If the War Ends
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This site last updated March 30, 2012.
Boeing B-52D Drops Its Bomb Load in Operatiion Linebacker II, December 1972

Boeing B-52D Drops Its Bomb Load in Operation Linebacker II,
December 1972. (Photo from Wikimedia Commons)

if the war ends,
what about wtr?

by Bradford Lyttle

“The U.S. can’t win in Indochina with any ‘reasonable’ investment of conventional forces; decades of violence and political manipulation have produced horrors and corruption that even our most hardened ‘realists’ can’t stomach; public opinion is so overwhelmingly against that particular war that it has become a major political issue that can make or break Presidents; and war induced inflation is ruining our economy.”

There is considerable speculation among people in the peace movement about what will happen to the various peace organizations if the war in Indochina ends. If this speculation flows from the attitude that the war will inevitably end, the American people will have learned their lesson, we will never again attempt foreign imperialistic adventures, and we will have peace forever. The speculation can only harm the movement, for it is unrealistic. It neglects the dominant elements of American society.

Regardless of what happens in Indochina, our society will remain deeply influenced by the military/industrial complex MIC). The war in Indochina will end not because the MIC has vanished but because of certain overriding, unique imperatives created by the war. Some of these are: The U.S. can’t win in Indochina with any ‘reasonable’ investment of conventional forces; decades of violence and political manipulation have produced horrors and corruption that even our most hardened ‘realists’ can’t stomach; public opinion is so overwhelmingly against that particular war that it has become a major political issue that can make or break Presidents; and war induced inflation is ruining our economy.

Indeed so strong is the power of the MIC that even with these compelling reasons for ending the war, getting out of Indochina without precipitating a military right wing coup in this country will be a tremendous accomplishment.

If we do get out, and vital elements of our civil liberties remain, we will still have the MIC to contend with. If speculations about what happens after the end of the Indochina War flow from the realization that the struggle against militarism and exploitation have only begun, then it is realistic. In this context, what is the future of War Tax Resistance?

WTR differed from preceding approaches to tax refusal in that it sought to draw its energy primarily from public revulsion against the Vietnam War. The My Lai poster illustrates this approach. Most war tax resisters are phone tax resisters, and the phone tax was passed to pay for the Vietnam War. Moreover, a number of the more prominent people who have become war tax resisters, such as Mrs. Hart, say in their public statements that they are tax resisters because of the war in Vietnam. To be sure, many tax resisters refuse taxes because of their opposition to all military expenditures, and to the general irresponsibility of the government. It just seems probable that a large percentage of the people on the WTR mailing list refuse taxes because of the Vietnam War.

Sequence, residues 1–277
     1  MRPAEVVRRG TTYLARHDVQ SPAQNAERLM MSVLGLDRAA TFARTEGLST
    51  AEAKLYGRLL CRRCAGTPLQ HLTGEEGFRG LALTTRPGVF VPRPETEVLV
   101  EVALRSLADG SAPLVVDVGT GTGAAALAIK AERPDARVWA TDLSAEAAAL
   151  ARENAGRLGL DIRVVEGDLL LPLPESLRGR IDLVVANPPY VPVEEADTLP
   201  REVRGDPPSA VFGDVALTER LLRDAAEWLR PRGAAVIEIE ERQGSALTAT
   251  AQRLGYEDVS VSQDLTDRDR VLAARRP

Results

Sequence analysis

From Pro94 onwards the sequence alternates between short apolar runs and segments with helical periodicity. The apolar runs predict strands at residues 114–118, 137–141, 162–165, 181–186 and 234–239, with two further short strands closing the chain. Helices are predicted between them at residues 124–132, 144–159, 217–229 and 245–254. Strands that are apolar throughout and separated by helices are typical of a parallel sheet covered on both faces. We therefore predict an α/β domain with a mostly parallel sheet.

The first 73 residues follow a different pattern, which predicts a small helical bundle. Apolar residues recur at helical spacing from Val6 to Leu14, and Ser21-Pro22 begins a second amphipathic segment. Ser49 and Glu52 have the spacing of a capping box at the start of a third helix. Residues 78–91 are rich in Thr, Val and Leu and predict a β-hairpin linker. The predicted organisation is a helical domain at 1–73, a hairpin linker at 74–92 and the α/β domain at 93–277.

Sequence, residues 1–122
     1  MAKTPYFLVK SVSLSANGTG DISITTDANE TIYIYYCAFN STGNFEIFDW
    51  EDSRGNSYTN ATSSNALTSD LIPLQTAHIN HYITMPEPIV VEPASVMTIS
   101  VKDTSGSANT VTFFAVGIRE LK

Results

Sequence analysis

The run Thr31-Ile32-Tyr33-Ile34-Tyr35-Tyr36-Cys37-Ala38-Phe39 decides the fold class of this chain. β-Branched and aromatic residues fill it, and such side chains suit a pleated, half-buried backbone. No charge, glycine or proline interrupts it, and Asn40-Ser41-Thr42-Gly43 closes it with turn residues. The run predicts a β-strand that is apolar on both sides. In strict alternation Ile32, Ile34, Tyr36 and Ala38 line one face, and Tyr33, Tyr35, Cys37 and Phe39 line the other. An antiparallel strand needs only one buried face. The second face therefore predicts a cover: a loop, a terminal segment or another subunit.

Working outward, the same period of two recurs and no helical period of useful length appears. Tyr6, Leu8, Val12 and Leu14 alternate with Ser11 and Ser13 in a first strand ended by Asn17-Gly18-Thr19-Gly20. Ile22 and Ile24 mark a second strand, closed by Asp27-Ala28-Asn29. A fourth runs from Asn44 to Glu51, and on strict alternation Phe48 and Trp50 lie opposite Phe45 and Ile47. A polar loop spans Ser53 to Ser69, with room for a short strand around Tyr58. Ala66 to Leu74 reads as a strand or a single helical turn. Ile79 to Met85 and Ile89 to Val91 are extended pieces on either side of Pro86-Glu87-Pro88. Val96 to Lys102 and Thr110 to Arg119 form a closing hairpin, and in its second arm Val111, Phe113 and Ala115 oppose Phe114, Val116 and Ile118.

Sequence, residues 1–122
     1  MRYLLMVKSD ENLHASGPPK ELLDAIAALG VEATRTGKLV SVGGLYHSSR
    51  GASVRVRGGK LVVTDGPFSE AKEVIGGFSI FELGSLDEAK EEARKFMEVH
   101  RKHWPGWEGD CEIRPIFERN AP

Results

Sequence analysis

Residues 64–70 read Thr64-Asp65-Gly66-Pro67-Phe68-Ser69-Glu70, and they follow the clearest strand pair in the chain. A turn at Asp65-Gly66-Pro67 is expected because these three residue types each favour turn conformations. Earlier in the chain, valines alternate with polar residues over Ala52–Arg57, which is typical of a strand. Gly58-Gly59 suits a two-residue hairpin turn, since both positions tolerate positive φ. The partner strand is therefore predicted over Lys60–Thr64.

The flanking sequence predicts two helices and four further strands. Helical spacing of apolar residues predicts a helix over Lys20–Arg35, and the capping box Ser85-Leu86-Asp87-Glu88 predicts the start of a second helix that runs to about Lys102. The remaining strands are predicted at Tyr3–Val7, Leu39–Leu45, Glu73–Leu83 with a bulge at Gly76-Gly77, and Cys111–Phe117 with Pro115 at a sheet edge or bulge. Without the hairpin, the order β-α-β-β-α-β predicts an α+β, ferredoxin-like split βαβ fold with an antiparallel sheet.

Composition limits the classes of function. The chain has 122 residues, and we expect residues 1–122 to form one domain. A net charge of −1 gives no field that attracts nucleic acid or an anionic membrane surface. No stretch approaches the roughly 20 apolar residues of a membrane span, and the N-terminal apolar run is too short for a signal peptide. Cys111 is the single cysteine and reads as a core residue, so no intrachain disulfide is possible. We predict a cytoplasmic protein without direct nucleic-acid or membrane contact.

Therefore, if the war ends, war tax resistance probably will sharply decline.

If this happens, it is important that people deeply involved in war tax resistance don’t lose their morale, give up, and turn entirely to other things. Instead, they should relate war tax resistance to other issues and preserve and strengthen the WTR network.

There will be the issue of military expenditures in general. Secretary of Defense Laird has said explicitly that an end to the war won’t mean reduction of military spending. Nor will the SALT agreements. SALT will accelerate development of certain kinds of nuclear weapons that are enormously expensive, such as Polaris submarines. The next generation of Polaris subs are estimated to cost $1 billion dollars each. One of these submarines alone will be able to destroy a continent. The continuing strategic arms race is ample justification for a vigorous war tax resistance program.

Another issue will be Vietnams in other parts of the world. As long as American society is dominated by irresponsible corporate capitalism, and the military receives virtually all the money it wants—$70 to $100 billion dollars a year—pressures for other adventures like Vietnam will be enormous. There are oil interests to protect in the Near East and Latin America. “Communist penetration” must be stopped in Africa—and so forth. Billions spent for U.S. counter-insurgency programs in Latin America, Africa and the Near East justify War Tax Resistance.

As they oppose the MIC, war tax resisters should continue to relate their movement to other resistance groups and to anti-poverty projects. NARMIC (the AFSC’s National Action/Research on the Military Industrial Complex) and WTR should keep in close touch. Strong bonds should be established with the relatively new groups working for social responsibility and resistance within the scientific and engineering community, such as SESPA (Scientists and Engineers for Social and Political Action) and the Committee for Social Responsibility in Engineering.

The Farm Workers, NWRO [National Welfare Rights Organization] and local anti-poverty projects and movements are natural allies for war tax resisters. As are people in the ecology movement.

If the Vietnam War ends, the work of War Tax Resistance has only begun on an encouraging note. Together with other protest and resistance groups, WTR must create a society in which all forms of government protected and sponsored by inhumanity and social irresponsibility become too costly to continue.

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